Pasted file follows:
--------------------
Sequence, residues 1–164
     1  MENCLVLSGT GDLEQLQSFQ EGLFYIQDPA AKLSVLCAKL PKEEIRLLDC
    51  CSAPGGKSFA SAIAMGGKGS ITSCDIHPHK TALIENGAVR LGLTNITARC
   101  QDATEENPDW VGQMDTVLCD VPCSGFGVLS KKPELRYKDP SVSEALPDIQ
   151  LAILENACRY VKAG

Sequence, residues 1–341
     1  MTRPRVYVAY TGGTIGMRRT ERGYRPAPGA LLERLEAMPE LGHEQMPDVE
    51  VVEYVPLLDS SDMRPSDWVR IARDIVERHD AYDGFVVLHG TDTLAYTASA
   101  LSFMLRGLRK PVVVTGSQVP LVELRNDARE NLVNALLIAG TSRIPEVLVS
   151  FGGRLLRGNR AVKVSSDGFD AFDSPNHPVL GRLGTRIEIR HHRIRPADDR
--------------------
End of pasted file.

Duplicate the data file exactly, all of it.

Sequence, residues 1–164
     1  MENCLVLSGT GDLEQLQSFQ EGLFYIQDPA AKLSVLCAKL PKEEIRLLDC
    51  CSAPGGKSFA SAIAMGGKGS ITSCDIHPHK TALIENGAVR LGLTNITARC
   101  QDATEENPDW VGQMDTVLCD VPCSGFGVLS KKPELRYKDP SVSEALPDIQ
   151  LAILENACRY VKAG

Sequence, residues 1–341
     1  MTRPRVYVAY TGGTIGMRRT ERGYRPAPGA LLERLEAMPE LGHEQMPDVE
    51  VVEYVPLLDS SDMRPSDWVR IARDIVERHD AYDGFVVLHG TDTLAYTASA
   101  LSFMLRGLRK PVVVTGSQVP LVELRNDARE NLVNALLIAG TSRIPEVLVS
   151  FGGRLLRGNR AVKVSSDGFD AFDSPNHPVL GRLGTRIEIR HHRIRPADDR